The Masten Xaero ready for transport to the launch site (Photo: Masten Space Systems)
The Masten Xaero vertical takeoff/vertical landing rocket being prepared for launch (Photo: Masten Space Systems)
Preparing the Xaero for transport to the launch site (Photo: Masten Space Systems)
The Masten Xaero, looking like a science fiction rocket out of the 1950s, awaits launch in the Mohave desert (Photo: Masten Space Systems)
Masten engineers making field adjustments on the Xaero's guidance and control system (Photo: Masten Space Systems)
The Masten Xaero landing vertically on it's launch platform in the Mohave desert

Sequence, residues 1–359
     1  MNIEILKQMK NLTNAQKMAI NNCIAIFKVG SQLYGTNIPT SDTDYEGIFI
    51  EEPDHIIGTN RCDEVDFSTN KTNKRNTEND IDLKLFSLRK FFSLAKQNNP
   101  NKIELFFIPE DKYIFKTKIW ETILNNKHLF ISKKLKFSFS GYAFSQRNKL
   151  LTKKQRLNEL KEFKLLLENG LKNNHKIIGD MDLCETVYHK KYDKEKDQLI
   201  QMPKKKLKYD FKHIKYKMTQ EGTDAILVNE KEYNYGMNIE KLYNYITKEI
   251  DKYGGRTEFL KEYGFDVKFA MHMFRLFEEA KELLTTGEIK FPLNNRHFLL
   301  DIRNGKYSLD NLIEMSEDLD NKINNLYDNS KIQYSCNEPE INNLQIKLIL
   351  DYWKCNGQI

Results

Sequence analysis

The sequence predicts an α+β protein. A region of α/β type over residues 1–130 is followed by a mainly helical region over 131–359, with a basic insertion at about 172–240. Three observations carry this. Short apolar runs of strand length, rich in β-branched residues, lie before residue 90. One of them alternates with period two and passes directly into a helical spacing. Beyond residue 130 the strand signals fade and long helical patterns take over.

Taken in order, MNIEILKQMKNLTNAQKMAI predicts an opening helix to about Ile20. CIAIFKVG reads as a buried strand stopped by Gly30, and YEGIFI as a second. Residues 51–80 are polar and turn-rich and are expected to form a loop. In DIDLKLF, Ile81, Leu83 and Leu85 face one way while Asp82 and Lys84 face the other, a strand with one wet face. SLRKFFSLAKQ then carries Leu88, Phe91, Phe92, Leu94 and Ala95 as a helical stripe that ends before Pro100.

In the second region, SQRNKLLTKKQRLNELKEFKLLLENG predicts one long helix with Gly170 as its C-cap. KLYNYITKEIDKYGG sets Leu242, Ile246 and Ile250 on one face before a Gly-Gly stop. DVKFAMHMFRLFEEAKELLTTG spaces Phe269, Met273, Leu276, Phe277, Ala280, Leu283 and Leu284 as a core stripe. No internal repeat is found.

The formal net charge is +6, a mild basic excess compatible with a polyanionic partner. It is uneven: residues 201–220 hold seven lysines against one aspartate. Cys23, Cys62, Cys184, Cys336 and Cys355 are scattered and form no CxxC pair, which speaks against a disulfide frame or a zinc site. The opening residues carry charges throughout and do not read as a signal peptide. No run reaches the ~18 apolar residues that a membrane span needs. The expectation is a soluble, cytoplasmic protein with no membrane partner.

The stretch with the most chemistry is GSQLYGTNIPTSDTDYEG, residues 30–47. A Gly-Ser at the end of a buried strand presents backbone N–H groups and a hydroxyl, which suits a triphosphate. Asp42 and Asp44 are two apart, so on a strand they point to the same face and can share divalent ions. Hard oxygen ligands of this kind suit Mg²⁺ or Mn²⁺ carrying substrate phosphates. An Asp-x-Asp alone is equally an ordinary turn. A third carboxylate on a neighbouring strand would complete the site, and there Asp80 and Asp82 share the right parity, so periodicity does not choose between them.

In celebration of the two hundred and thirty sixth anniversary of the signing of the United States Declaration of Independence from British rule, Masten Space Systems has performed a record-setting flight of their vertical takeoff, vertical landing (VTVL) Xaero suborbital rocket at the Mohave Air and Space Port. Unlike the rockets designed specifically for the NASA Lunar Lander challenge, the Xaero is the only VTVL rocket intended to carry payloads into suborbital trajectories. The test flight saw the Xaero propelled to an altitude of 444 meters (1,457 feet), before returning to Earth and making a perfect landing on its jets. However, the test flight took place on July 3 - after all, who wants to work on the fourth?
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